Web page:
Miller told Sports Illustrated that he’s “blown away by how positive the response has been” to his murder confession.
The real story here is the power of Nike and Phil Knight.
Knight is the most powerful man in American popular culture. He controls the sports world and therefore oversees the most potent content in popular culture. Knight and Nike erased memories of Kobe Bryant’s rape allegation and public use of a homophobic slur, turning Mamba into a deity no one can question. Transitioning Miller from gangbanger to shoe salesman was easy. The media will not dare ask why or how. That would be racist. That would go against the cult and belief in the miracles Knight regularly produces.
Water into wine. Not bad. Try murderer into mogul.
“Larry Miller has played an influential role in Nike history and is a beloved member of the Nike family,” Nike CEO John Donohoe said in a statement to Sports Illustrated. “His story is an example of the resilience, perseverance and strength of the human spirit. I hope his experience can create a healthy discourse around criminal justice reform, by helping remove the stigma that holds people and communities back.”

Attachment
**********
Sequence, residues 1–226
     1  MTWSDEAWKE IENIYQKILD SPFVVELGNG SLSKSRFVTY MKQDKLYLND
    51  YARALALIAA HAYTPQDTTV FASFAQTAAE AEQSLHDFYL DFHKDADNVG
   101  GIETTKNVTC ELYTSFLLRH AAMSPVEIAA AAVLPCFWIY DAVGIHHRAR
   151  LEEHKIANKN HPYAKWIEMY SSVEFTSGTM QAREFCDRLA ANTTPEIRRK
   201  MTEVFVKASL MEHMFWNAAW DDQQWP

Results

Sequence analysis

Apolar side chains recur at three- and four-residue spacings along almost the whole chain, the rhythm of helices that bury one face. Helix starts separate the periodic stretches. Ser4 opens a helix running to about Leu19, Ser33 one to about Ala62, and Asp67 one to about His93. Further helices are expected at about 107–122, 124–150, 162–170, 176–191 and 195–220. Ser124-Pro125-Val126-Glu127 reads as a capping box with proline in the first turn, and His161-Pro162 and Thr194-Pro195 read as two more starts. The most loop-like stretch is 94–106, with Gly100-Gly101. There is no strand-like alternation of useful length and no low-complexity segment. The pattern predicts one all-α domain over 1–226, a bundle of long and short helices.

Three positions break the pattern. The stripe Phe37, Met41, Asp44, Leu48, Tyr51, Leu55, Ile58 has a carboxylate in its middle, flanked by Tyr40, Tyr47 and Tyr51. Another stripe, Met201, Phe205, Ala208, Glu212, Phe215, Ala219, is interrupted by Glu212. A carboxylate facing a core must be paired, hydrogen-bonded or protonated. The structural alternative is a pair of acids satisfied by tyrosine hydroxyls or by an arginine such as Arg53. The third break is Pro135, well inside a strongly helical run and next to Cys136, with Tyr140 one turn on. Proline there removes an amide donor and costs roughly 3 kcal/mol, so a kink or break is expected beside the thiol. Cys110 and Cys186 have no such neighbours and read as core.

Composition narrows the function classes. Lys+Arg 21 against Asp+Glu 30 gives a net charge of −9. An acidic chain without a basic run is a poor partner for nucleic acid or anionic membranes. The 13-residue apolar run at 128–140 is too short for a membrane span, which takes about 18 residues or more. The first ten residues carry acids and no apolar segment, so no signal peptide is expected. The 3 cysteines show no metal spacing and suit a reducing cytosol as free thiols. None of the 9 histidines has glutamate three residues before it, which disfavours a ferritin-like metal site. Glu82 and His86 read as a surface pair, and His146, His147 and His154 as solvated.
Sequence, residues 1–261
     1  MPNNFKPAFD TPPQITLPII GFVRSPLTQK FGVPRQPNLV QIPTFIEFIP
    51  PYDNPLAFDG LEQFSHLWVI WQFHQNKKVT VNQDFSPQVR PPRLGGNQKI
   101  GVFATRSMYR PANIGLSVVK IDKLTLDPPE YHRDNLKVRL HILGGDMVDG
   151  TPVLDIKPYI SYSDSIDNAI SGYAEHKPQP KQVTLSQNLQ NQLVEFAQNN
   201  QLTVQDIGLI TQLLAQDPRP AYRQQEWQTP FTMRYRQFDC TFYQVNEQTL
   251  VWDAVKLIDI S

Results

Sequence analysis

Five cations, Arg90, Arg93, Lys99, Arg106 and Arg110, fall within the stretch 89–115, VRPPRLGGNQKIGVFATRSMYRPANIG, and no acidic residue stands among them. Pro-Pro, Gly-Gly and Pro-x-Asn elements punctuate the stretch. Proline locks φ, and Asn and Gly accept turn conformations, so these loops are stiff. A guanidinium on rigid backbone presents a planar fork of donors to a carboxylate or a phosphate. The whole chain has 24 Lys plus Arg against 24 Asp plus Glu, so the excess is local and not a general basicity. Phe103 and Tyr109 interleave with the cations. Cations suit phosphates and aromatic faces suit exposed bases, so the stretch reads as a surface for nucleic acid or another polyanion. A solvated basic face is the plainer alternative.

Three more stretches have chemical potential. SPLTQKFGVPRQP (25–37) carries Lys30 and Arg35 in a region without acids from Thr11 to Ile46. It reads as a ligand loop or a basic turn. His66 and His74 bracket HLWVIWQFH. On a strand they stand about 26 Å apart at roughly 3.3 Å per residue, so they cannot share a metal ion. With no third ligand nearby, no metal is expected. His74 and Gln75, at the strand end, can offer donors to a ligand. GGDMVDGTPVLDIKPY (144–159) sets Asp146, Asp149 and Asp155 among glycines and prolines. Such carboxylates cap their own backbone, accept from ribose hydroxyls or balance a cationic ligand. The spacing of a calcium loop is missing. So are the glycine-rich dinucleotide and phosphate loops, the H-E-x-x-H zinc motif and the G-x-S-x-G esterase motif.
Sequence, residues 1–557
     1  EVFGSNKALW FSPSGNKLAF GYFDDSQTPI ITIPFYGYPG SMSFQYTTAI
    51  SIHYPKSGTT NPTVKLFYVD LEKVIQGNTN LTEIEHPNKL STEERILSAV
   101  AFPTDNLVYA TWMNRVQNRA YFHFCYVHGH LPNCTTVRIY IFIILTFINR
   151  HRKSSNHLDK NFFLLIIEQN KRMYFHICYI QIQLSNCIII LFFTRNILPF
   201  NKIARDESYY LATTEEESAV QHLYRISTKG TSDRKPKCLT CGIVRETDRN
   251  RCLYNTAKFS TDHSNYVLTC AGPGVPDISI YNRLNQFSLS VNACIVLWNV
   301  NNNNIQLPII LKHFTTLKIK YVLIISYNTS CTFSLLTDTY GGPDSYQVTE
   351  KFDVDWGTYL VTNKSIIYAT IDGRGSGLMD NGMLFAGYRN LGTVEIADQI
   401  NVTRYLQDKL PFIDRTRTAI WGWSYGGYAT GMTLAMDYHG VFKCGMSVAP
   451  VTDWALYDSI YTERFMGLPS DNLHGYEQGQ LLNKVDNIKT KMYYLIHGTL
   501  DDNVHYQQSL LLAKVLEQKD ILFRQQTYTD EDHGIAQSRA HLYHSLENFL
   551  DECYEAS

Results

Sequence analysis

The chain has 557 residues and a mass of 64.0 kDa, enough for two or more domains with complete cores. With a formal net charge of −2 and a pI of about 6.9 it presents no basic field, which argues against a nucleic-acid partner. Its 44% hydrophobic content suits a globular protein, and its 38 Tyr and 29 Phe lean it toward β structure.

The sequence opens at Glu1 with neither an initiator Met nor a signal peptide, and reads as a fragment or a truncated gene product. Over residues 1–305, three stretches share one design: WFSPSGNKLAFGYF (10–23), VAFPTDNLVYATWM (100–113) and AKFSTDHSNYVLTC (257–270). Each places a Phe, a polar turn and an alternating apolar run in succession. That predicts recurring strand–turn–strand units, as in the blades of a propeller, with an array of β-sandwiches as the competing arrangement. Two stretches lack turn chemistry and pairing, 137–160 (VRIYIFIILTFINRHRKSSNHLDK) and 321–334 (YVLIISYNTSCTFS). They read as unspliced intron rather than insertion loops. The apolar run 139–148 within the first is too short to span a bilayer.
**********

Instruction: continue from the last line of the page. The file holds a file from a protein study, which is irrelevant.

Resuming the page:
Yes, it’s the stigma that held Edward White back. It wasn’t a bullet. It was a stigma. Three decades ago, Nike removed or ignored the stigma around Larry Miller’s name and used him to strengthen Nike’s stranglehold on drug dealers, the hip-hop crowd, and prison culture. The gym shoe wars played out across America’s urban streets. Thirty years ago, Miller knew far more about the streets than gym shoes. He was a valuable resource in need of an image makeover.
No one does image makeovers better than Phil Knight and Nike.
Knight’s $50-billion-a-year Nike empire dwarfs the NFL’s and the NBA’s financial impact, global reach, and ability to shift culture.
Knight is the 21st century’s Walt Disney. The shoemaker is America’s puppet master and primary cultural gatekeeper. Through his management of Michael Jordan, LeBron James, and Colin Kaepernick and influence over the NBA and NFL, Knight has made the American sports world bend to the will of the market that matters most to Nike — China.
Thirty years ago, Sports Illustrated would be covering that story rather than repackaging Larry Miller as a social justice warrior with a dirty little secret.